A draught proof letterbox can make all the difference when it comes to how warm your home feels — and we are here to help you get one. Whether you are looking for ways to upgrade your existing letterbox to make it more energy efficient, or are in the market for a completely new letterbox, our guide will explain the options.
Draught proofing your home is not a job that needs to be time consuming or expensive – plus most of the suggestions given here are very do-able on a DIY basis, meaning you won’t have to wait for the services of a professional.
Read on for the top ways to draught proof a letterbox to ensure that your entrance hall offers a warm welcome.
Why do I need a draught proof letterbox?
You might think that draught proofing a letterbox would not have much of an effect on the comfort levels of your home — but you would be wrong.
According to Energy Saving Trust, draught proofing around your windows and doors could save you approximately £30 a year (based on an average gas-fuelled semi-detached UK home). While there are several important steps to take when insulating windows and doors in order to ensure they are properly draught resistant, focusing on the letterbox is a great place to start.
1. Use a letterbox draught excluder
Letterbox draught excluders (see the example in the image below that you can buy on Amazon) are easy to come by and are available in a range of sizes, materials and styles to fit in with any front door ideas.
Although designs vary, the majority incorporate intermeshing brush strips designed to stop cold breezes entering your house — the best quality models will also have hinged flaps that cover these bristles and further minimise heat loss. Look out for letterbox draught excluders with thick, study bristles.
Most of these draught excluders are designed to be fitted to the inside of a door and are supplied with pre-drilled holes to make installation simple.
2. Consider a magnetic letterbox draught excluder
Magnetic draught excluders are designed to seal your letterbox completely when it is closed and often don’t incorporate brush strips which can make it easier for letters and parcels to be posted through. The Magflap letterbox draught excluder, for example, can be fitted to the inside or outside of your door and is easy to install on a DIY basis.
3. Fit a new letterbox
You might prefer the idea of installing an entirely new letterbox, as opposed to upgrading an existing one. In this case, the old letterbox will need to be removed to make way for your replacement. Be sure to choose one that is fully weather sealed and fitted with brushes — and make sure it fits the existing opening perfectly.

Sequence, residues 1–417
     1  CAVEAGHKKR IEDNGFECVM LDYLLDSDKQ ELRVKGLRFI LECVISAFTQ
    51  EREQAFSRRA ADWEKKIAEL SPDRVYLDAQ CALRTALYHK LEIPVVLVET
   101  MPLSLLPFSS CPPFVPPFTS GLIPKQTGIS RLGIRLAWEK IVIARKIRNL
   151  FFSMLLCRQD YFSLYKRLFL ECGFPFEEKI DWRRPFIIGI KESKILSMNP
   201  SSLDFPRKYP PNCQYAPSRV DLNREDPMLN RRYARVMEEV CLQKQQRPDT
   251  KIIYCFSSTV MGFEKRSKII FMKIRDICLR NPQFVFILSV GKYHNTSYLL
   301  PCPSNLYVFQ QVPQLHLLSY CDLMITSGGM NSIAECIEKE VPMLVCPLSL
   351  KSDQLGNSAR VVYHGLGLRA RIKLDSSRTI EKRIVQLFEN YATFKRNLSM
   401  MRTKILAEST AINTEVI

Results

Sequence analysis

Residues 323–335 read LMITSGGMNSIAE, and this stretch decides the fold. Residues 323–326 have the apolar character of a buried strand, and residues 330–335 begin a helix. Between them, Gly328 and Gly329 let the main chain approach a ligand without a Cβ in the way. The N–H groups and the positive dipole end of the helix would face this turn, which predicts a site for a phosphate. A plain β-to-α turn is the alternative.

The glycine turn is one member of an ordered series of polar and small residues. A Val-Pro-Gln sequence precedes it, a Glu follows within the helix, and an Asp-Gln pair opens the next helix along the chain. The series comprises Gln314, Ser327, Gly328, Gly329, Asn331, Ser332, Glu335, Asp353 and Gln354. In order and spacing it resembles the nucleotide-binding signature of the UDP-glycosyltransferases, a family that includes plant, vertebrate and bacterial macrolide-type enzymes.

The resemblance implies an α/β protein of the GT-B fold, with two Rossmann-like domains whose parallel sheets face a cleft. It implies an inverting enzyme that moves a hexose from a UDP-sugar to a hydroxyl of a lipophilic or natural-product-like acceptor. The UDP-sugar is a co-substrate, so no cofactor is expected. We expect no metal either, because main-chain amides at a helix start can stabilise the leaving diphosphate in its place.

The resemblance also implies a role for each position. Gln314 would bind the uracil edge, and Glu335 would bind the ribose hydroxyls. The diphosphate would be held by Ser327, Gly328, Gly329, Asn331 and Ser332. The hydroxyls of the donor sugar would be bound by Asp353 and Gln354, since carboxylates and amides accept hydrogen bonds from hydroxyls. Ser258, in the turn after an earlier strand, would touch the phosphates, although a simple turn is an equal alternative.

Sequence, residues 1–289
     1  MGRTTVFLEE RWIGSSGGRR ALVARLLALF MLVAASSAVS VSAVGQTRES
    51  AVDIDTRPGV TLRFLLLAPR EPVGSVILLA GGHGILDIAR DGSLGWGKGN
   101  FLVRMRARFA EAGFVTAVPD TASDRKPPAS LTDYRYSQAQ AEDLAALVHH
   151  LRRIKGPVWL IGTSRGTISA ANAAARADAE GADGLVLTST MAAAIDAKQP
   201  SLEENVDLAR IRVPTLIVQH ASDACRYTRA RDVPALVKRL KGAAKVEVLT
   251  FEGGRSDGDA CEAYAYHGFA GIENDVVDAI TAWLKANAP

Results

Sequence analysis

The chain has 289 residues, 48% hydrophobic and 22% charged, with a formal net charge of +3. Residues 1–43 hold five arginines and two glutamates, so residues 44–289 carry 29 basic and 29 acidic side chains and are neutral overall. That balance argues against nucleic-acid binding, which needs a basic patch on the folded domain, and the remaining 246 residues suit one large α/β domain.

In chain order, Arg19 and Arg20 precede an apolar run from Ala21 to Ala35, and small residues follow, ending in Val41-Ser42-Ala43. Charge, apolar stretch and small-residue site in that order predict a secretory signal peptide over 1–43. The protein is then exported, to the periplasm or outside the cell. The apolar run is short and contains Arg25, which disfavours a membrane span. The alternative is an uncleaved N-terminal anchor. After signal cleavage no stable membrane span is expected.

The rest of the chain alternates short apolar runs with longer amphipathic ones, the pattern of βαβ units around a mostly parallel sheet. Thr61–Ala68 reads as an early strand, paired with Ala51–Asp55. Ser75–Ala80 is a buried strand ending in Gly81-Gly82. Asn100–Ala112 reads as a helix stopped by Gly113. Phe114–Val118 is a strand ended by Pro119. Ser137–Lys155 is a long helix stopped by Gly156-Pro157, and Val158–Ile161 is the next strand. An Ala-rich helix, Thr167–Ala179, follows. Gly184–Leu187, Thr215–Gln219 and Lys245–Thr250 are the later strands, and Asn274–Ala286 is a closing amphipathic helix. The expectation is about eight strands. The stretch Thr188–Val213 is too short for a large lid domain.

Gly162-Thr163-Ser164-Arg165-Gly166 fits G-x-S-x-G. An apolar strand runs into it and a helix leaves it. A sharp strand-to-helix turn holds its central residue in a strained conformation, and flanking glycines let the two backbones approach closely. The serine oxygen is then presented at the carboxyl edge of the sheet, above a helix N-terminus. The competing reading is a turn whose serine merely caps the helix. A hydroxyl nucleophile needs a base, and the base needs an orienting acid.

Make sure you buy a letterbox that is either the same size (you can fit it inside the same hole in your door) or if you buy a larger one, bear in mind that you will need to cut a bigger hole in your door.
4. Fit a wall-mounted letterbox
Finally, many people choose to do away with a letterbox in their front door entirely, instead opting for an external, wall-mounted design next to the door or fitted to a gate post. The obvious benefit of this is that there is one less opening to the great outdoors to worry about in your house. The downside is that you will need to venture outside to retrieve your mail. You will also need to make it clear that your old letterbox is out of action and sealed or buy and fit (not always easy) a new door.
5. Don’t forget to draught proof key holes and door frames
It would be a waste of time and money to draught proof your letterbox and then fail to seal up the rest of your front door.
When it comes to draught proofing a front door, use draught strips around the perimeter of the door, Stormguard's two pack of extra thick weatherstrip in brown (or white) on Amazon are great for this, fit brush strips under the door and remember to cover the keyhole with a covered escutcheon, like this one in silver for £3.49 from Carlisle Brass on Amazon. Heavy curtains and padded draught excluders will further protect your home from pesky draughts.
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Natasha is Homebuilding & Renovating’s Associate Content Editor and has been a member of the team for over two decades. An experienced journalist and renovation expert, she has written for a number of homes titles. Over the years Natasha has renovated and carried out a side extension to a Victorian terrace. She is currently living in the rural Edwardian cottage she renovated and extended on a largely DIY basis, living on site for the duration of the project. She is now looking for her next project — something which is proving far harder than she thought it would be.